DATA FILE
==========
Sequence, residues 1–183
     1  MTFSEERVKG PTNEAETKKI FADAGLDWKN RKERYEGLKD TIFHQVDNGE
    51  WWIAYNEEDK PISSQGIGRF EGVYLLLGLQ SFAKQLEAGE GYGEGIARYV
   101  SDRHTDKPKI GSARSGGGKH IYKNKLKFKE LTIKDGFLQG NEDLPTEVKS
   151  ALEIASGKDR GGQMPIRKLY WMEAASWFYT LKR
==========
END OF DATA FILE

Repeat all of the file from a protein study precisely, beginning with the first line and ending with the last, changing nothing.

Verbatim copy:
Sequence, residues 1–183
     1  MTFSEERVKG PTNEAETKKI FADAGLDWKN RKERYEGLKD TIFHQVDNGE
    51  WWIAYNEEDK PISSQGIGRF EGVYLLLGLQ SFAKQLEAGE GYGEGIARYV
   101  SDRHTDKPKI GSARSGGGKH IYKNKLKFKE LTIKDGFLQG NEDLPTEVKS
   151  ALEIASGKDR GGQMPIRKLY WMEAASWFYT LKR